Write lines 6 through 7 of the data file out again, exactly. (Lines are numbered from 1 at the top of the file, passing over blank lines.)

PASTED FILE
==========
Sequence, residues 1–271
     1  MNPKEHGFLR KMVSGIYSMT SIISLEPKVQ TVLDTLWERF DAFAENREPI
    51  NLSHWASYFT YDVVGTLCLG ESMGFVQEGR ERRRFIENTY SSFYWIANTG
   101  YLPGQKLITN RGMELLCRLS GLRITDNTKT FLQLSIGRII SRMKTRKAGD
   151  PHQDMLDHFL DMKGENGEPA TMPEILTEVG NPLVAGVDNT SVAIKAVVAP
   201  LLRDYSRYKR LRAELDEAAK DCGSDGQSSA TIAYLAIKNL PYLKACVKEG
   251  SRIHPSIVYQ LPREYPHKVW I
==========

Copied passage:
   201  LLRDYSRYKR LRAELDEAAK DCGSDGQSSA TIAYLAIKNL PYLKACVKEG
   251  SRIHPSIVYQ LPREYPHKVW I